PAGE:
The Wray Rattler, which is the organ of the Republican party in Yuma county, was founded by B.E. Condon in 1886. Since then it passed through the hands of several owners, in succession, until about one year ago it was purchased by C.L. Wills, publisher of a paper at Benkelman, Neb., and Frank E. LaSchelle, a young newspaper man from Kansas. As resident partner of the firm Mr. LaSchelle has had full editorial charge and business management of the Rattler during the past year, and he has added materially to the prosperity and influence of the paper since he assumed charge. The young gentleman is a native of Clay Center, Kan., and he finished his education at the Kansas Agricultural college, at Manhattan. Subsequently he engaged in the newspaper business at Junction City, Kan., where he remained until he came to Wray. Mr. LaShelle is not only possessed of fine newspaper ability, but he is a genial, whole-souled gentleman of honorable principles. Since he came to Wray, the gentleman's sunny disposition and excellent traits of character have won him the esteem of our citizens generally. He is an untiring worker and he renders loyal and valuable services to the city and his party. Under his good management the Rattler has become an influential representative of Wray, and it merits the well earned prosperity it is enjoying.
Perhaps there is not in Yuma county a man who is more generally and favorably known than the gentleman whose name heads this article.
Mr. Edwards is a native of New York, in which state he was born on a farm near Utica in 1833. He received a liberal education and after he grew to manhood he taught school in winter and farmed in summer. In 1861 he engaged in the mercantile business, which he continued until 1884, in the mean time having thoroughly familiarized himself with surveying.
In 1885 Mr. Edwards came to Colorado and located one mile east of Yuma station, where he filed on a pre-emption claim and a homestead; at the same time he entered a timber claim six miles northeast. At the same time a sister of Mr. Edwards entered a pre-emption claim adjoining his homestead and pre-emption, but the lady died several years ago and he became heir to the property. Thus the gentleman owns 480 acres of choice land on which there is a comfortable residence and other improvements, situated one mile from the village of Yuma.
While Mr. Edwards devoted considerable attention to farming and the cattle business in a small way, surveying has been his chief labor in this county. He made his farming and stock industry a financial success, however, but of late years he leases a portion of his land and devotes the remainder to the grazing of stock, giving almost his entire attention to surveying. The gentleman has been county surveyor for nearly all the years since 1889, and he holds that office at the present time. As a county official of unimpeachable integrity and remarkable accuracy Mr. Edwards enjoys full public confidence, while his superior qualities as a courteous gentleman in every relation of life command wide recognition.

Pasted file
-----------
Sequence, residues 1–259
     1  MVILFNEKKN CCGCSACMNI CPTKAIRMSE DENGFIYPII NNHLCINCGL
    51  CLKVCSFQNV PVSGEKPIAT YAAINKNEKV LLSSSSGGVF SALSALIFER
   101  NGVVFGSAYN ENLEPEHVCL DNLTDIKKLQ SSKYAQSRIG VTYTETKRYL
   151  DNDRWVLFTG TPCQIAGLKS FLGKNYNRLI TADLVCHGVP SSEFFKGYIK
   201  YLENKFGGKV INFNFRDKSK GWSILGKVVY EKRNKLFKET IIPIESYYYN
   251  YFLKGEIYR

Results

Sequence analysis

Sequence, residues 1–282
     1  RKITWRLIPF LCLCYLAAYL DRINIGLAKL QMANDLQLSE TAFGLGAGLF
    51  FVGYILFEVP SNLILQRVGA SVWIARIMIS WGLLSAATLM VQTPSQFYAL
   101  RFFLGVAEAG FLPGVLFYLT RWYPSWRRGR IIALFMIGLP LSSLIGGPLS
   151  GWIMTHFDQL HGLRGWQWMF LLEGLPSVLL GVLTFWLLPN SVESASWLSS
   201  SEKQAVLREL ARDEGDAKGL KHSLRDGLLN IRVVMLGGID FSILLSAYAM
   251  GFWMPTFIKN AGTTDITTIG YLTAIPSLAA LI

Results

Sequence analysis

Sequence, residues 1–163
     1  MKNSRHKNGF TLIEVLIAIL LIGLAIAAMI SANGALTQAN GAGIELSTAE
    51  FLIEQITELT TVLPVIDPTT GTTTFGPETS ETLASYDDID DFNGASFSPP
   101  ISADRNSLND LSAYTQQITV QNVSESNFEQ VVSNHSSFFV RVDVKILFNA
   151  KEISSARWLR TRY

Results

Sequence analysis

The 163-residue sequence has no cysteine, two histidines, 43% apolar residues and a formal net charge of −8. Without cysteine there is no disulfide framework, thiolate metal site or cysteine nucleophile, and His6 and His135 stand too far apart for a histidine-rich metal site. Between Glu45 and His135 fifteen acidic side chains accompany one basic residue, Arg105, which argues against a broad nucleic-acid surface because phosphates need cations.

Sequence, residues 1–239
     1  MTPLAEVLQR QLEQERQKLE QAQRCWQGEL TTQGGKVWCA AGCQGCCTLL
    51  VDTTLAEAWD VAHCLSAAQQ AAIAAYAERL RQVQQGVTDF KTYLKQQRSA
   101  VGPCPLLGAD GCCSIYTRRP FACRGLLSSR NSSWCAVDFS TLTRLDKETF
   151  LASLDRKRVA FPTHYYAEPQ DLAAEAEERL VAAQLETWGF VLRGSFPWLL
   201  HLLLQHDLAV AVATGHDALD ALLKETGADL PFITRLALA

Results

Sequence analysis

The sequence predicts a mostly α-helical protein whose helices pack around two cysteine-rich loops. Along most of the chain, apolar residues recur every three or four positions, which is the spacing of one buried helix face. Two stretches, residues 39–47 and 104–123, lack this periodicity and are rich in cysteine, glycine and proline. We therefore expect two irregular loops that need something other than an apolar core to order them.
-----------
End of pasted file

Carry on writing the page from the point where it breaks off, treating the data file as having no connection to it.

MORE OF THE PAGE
When not engaged in surveying, Mr. Edwards buys produce in his section of the county, making shipments to Denver.
The gentleman has four children - two sons and two daughters. One of his sons, Lester M. Edwards, is now a clerk in the railway mail service running from Denver to Grand Junction, with headquarters at the former city.
Mr. Edwards has been deputy county treasurer and commissioner of highways, and he laid out the first public roads established in the western part of the county. He was one of the leading spirits in establishing the first public school in Yuma, and was the first president of the school board. He was superintendent of the first (union) Sunday school organized in Yuma and, subsequently for many years superintendent of the Methodist Sunday school.
In both his public and private capacities Mr. Edwards is esteemed as a high-toned honorable gentleman, and there are few, if any who enjoy a wider measure of public regard.
The rapid growth and development of the Wray Telephone Co. are only harmonious features of the energy and progressive spirit which characterize the county seat of Yuma county in all its undertakings.